Birmingham Boys

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"Birmingham Boys" is vocal harmony song recorded in Atlanta, Georgia by the Birmingham Jubilee Singers and released on April 23, 1926 as the b-side of the first group of singles they released on Columbia Records.

The lyrics describe the migration of rural laborers to booming Birmingham and announce the pride of the singers in hailing from the center of a lively African-American gospel quartet tradition:

"Birmingham boys are we,
Jolly as can be.
Rolly, jolly, Birmingham boys are we.
You can tell without a doubt,
When the Birmingham boys are out,
Rolly, jolly, Birmingham boys are we.
I was tired of living in the country,
So I moved my wife to town,
And there I bought a cottage,
And then I settled down,
Well the dogs in the valley"
they go bow-wow-wow
and the pigs in the pen
they go wee-wee-wee
and the cat joins in
with a mew-ew-ewwww"
and the rooster on the fence
go cock-cock-a-doo-doo-doo
Birmingham, Birmingham boys are we.
If you could hear those Birmingham boys,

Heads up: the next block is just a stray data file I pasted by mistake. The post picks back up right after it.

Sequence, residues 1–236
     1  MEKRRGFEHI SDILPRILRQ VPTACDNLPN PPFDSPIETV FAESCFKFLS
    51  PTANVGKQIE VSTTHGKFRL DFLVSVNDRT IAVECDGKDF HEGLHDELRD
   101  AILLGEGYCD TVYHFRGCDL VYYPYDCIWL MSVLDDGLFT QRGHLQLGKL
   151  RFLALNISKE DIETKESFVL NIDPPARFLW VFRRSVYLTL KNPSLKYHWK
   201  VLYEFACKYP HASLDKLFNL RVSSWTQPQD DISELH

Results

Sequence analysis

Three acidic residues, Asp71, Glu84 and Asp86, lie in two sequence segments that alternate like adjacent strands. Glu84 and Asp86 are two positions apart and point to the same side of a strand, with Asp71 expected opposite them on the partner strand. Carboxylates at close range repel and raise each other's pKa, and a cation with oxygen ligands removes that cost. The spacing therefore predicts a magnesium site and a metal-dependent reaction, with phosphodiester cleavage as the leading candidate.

How happy you would be (oh, you would be)."

The song is credited to the group's trainer and manager Charles Bridges and was used as a theme song for the group, usually to introduce them in concert. It was also sung by other area groups, and eventually became popular nationwide, sometimes with adapted lyrics. A 1940 recording of the Marvel Quartet's "Union Boys are We" shows how it was adapted to changing conditions for laborers.

The track is available on the compilations Birmingham Quartet Anthology issued in 1980 by Clanka Lanka and Birmingham Jubilee Singers: Volume I, 1926-1927 issued in 1995 by Document Records.


  • McCallum, Brenda (1993) "The Gospel of Black Unionism" in Green, Archie, ed., Songs about Work: Essays in Occupational Culture for Richard A. Reuss.. Issue 3 of Special Publications of the Folklore Institute of Indiana University. Indiana University Press. ISBN 1879407043
  • Mathews, Burgin (September 10, 2009) "Do That Stomp: 20 Days, 20 Birmingham Songs" Pavo magazine